Second Point: The lessons in the story of the sacrificing the cow by the children of Israel.

SECOND POINT: Although the Land of Egypt is a part of the Greater Sahara Desert, through the blessing of the Nile, it has become like an extremely fertile arable field. Such a blessed heavenly place being found adjacent to the hellish Sahara has made its agriculture highly sought after by its people and has so fixed it in their characters that for them it has become sacred, and the cow and the bull, the means of agriculture, have also become sacred, and even objects of worship. The people of Egypt of that time considered the cow and bull to be so holy they worshipped them. Thus, it is understood from the question of ‘the Calf’ that the Children of Israel of that time, who grew up in Egypt, had come to have a share of that custom.

Thus, the All-Wise Qur’an makes understood through the sacrifice of a cow that through his messengership, Moses excised and destroyed the concept of cow-worship, which had become a part of that nation’s character and worked in their very natures.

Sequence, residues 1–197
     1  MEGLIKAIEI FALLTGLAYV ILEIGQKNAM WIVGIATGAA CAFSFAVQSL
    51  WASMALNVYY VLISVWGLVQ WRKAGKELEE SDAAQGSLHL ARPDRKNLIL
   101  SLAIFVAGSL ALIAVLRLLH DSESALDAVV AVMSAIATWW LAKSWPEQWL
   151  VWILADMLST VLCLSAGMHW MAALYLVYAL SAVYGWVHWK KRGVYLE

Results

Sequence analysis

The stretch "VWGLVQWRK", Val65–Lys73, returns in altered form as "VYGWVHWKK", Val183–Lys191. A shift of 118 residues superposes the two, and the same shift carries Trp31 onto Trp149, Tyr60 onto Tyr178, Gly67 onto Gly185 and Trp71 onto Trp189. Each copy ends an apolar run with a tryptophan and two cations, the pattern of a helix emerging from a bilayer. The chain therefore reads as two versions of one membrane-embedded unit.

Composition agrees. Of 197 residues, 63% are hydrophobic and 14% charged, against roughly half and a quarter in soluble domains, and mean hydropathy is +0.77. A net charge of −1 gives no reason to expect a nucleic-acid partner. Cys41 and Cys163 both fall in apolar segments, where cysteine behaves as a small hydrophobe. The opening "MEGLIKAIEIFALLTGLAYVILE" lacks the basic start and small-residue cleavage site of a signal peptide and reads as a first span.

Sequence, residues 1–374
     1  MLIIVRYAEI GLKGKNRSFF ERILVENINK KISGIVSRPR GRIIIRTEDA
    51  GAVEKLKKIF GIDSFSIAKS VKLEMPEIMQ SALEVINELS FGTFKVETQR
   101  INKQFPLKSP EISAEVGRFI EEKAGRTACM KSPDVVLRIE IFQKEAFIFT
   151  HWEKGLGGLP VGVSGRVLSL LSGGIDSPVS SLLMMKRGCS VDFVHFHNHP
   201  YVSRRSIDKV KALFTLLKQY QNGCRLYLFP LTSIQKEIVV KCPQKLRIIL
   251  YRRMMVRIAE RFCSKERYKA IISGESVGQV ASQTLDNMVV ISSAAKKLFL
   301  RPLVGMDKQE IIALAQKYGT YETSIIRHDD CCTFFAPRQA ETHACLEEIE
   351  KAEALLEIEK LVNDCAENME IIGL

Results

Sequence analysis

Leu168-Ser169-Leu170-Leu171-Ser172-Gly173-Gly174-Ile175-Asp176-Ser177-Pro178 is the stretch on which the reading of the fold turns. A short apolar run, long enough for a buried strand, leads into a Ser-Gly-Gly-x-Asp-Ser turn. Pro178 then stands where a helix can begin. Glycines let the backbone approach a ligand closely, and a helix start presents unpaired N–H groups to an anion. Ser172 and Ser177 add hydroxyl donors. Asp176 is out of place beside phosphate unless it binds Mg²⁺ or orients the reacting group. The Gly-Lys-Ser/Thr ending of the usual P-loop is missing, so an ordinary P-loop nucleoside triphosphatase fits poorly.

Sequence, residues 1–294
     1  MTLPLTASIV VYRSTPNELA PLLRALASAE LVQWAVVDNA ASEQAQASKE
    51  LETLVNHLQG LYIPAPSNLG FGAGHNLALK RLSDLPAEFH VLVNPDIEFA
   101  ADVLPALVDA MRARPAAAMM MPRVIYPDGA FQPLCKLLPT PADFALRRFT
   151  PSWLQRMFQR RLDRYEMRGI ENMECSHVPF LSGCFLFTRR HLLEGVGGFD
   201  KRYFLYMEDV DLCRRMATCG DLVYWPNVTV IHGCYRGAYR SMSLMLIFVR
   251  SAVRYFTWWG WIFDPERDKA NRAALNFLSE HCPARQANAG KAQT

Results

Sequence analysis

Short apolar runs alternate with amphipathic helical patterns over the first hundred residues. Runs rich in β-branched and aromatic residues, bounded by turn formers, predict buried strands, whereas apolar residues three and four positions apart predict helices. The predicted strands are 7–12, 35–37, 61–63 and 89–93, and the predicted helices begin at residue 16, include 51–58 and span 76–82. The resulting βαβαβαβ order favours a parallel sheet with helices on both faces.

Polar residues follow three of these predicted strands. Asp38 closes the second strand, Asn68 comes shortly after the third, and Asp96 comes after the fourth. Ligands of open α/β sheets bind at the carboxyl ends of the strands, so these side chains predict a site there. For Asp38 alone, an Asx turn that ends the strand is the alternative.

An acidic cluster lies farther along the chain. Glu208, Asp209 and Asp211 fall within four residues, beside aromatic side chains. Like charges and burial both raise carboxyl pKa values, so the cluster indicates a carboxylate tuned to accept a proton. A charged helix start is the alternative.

Thus, through this minor incident, it expounds with an elevated miraculousness a universal principle which is essential instruction in wisdom for everyone at all times.

Making an analogy with this, you may understand that certain minor incidents in the Qur’an which are mentioned in the form of historical events, are the tips of universal principles. Even, in Lemeat, in the section on the Miraculousness of the Qur’an, taking the seven sentences of the Story of Moses, which is mentioned and repeated in many Suras, we have explained how each part of those particular sentences comprises an important universal principle. If you wish, you may refer to that treatise.
 

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Third Point: The lessons given by the verse concerning stones.

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